-WDT timer expires and simulator is set to 'break on WDT'

/TO is correctly '0' if the WDT expires without going to sleep and
the simulator is set to 'reset on WDT'

This seems to be a simulator issue. Has anyone else observed this?

2005\05\12@111128 by Peter

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On Wed, 11 May 2005 peisermaspamspam_OUTridgid.com wrote:

> editor? I used "/TO" to indicate "NOT TO", but have also seen !TO used.

There is also ~TO and -TO and _TO in case those characters are not
allowed in symbols ;-)

Peter

2005\05\12@120256 by Alan B. Pearce

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>> editor? I used "/TO" to indicate "NOT TO",
>> but have also seen !TO used.
>
>There is also ~TO and -TO and _TO in case those
>characters are not allowed in symbols ;-)

Another one would be T0* to signal the negation.

2005\05\13@141657 by Peter

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>> There is also ~TO and -TO and _TO in case those
>> characters are not allowed in symbols ;-)
>
> Another one would be T0* to signal the negation.

TO* contains a character that is illegal in a symbol in most lanuages
;-)

Peter

2005\05\14@032341 by Jose Da Silva

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On May 13, 2005 11:16 am, Peter wrote:
> >> There is also ~TO and -TO and _TO in case those
> >> characters are not allowed in symbols ;-)
> >
> > Another one would be T0* to signal the negation.
>
> TO* contains a character that is illegal in a symbol in most lanuages
> ;-)

My CAD package uses !TO, but it's older than some of the users on this
forumn  hehehe.

2005\05\16@043755 by Alan B. Pearce

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>>> There is also ~TO and -TO and _TO in case those
>>> characters are not allowed in symbols ;-)
>>
>> Another one would be T0* to signal the negation.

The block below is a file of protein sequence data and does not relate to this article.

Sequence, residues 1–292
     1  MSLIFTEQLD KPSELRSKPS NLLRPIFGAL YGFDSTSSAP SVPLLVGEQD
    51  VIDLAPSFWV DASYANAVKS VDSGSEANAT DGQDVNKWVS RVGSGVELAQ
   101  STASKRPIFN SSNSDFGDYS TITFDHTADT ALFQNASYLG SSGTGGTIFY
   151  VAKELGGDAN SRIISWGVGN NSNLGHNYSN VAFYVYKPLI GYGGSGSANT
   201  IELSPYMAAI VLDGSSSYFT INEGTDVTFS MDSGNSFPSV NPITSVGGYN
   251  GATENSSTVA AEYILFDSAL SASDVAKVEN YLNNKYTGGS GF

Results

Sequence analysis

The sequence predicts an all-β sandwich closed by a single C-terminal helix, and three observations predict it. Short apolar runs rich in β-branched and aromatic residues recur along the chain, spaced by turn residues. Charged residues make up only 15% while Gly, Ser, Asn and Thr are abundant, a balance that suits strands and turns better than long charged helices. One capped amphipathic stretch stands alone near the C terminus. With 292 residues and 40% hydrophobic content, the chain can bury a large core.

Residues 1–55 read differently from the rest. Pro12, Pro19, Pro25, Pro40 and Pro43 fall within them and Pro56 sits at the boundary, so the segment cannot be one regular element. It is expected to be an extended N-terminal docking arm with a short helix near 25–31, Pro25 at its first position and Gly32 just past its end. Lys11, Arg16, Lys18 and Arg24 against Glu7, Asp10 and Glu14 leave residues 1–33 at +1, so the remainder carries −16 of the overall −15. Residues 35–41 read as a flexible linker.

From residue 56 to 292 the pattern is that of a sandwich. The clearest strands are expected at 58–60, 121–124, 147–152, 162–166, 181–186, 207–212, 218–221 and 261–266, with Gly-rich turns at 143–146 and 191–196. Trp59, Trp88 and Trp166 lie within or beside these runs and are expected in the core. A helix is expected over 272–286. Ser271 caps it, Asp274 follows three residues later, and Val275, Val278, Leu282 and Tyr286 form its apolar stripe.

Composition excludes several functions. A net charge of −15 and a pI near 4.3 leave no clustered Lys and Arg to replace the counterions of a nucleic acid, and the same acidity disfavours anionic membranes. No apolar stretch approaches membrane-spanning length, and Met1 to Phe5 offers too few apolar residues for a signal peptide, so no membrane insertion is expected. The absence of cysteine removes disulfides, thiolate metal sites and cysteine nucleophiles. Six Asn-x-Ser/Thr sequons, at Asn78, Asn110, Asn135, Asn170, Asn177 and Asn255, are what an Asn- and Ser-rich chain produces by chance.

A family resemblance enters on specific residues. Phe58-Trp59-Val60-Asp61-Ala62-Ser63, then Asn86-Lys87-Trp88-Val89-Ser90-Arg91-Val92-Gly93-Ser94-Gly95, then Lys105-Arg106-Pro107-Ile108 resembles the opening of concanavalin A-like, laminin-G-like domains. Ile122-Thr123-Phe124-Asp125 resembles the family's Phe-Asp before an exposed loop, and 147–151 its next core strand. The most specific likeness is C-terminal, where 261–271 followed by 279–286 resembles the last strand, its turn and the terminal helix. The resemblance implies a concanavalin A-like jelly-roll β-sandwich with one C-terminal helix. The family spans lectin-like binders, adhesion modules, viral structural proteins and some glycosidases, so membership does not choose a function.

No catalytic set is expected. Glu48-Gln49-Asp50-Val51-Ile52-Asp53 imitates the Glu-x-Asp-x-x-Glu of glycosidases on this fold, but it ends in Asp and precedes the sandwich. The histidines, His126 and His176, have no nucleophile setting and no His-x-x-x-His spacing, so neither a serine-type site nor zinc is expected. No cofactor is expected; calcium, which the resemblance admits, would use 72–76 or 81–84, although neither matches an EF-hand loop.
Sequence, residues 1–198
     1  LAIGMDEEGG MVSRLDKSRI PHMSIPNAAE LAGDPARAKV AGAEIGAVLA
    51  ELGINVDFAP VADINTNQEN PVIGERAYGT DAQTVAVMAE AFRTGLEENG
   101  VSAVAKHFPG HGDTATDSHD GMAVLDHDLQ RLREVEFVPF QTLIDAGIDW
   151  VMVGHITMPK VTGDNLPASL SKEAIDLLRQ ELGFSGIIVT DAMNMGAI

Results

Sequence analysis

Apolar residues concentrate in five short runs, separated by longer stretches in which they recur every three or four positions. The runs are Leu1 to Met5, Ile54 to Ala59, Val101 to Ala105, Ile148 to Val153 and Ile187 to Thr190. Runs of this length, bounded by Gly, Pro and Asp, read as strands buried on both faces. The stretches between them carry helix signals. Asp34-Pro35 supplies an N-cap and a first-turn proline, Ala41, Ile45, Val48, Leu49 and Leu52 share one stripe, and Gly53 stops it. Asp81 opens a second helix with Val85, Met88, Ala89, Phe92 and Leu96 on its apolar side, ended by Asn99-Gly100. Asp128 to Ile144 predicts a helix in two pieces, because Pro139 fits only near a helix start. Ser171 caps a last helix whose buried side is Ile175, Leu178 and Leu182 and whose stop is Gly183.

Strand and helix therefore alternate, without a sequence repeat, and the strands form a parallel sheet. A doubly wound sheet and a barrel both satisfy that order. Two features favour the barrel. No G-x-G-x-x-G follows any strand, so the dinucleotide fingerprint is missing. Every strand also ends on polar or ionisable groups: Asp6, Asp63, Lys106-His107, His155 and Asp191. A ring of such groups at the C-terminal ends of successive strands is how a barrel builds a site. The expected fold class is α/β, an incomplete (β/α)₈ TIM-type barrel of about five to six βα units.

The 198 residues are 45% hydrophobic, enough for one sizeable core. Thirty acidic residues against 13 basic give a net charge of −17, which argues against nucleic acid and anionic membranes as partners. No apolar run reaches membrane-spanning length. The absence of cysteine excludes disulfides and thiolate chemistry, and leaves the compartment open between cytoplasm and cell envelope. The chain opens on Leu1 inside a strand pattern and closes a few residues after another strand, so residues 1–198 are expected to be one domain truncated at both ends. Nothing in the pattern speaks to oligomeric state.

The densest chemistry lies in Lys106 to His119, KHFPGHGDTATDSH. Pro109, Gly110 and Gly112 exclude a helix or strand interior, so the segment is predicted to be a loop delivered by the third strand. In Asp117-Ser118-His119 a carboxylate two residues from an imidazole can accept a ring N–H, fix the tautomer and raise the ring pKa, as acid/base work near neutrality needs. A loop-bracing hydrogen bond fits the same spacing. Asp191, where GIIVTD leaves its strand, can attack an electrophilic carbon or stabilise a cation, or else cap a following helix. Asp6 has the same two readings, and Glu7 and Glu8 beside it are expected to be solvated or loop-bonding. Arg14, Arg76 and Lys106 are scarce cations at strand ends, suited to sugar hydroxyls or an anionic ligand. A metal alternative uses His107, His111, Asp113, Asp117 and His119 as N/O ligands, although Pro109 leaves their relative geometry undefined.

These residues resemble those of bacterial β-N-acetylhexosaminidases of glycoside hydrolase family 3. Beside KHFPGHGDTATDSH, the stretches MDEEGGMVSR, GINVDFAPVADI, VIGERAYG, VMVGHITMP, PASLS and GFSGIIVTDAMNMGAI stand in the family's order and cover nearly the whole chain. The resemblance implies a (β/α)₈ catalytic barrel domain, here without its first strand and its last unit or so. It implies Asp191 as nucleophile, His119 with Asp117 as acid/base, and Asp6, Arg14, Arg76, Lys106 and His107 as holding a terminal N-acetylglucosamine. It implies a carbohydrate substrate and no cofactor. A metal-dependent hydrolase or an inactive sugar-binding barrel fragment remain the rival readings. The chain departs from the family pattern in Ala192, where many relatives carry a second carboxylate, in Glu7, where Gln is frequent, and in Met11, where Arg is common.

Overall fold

>
>TO* contains a character that is illegal in a symbol in most lanuages
>;-)

fair enough, but I have seen that nomenclature used on circuit diagrams.

2005\05\16@085213 by peiserma

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piclist-bounces@mit.edu wrote:
>>>> There is also ~TO and -TO and _TO in case those
>>>> characters are not allowed in symbols ;-)
>>>
>>> Another one would be T0* to signal the negation.
>>
>> TO* contains a character that is illegal in a symbol in most lanuages
>> ;-)
>
> fair enough, but I have seen that nomenclature used on circuit
> diagrams.

So it seems that prepending the symbols "!" (logical NOT as used in
the C language), "~" (bitwise negation e.g. ones complement, also
used in C) and "/" are commonly understood. Was curious which symbols
people are familiar with. I'll stick  to one of those three in the
future.





2005\05\16@152539 by Peter

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On Mon, 16 May 2005, Alan B. Pearce wrote:

>>>> There is also ~TO and -TO and _TO in case those
>>>> characters are not allowed in symbols ;-)
>>>
>>> Another one would be T0* to signal the negation.
>>
>> TO* contains a character that is illegal in a symbol in most lanuages
>> ;-)
>
> fair enough, but I have seen that nomenclature used on circuit diagrams.

That's understandable because old schematics and printouts would make it
hard to discern between a _ and a smudge ;-(

Peter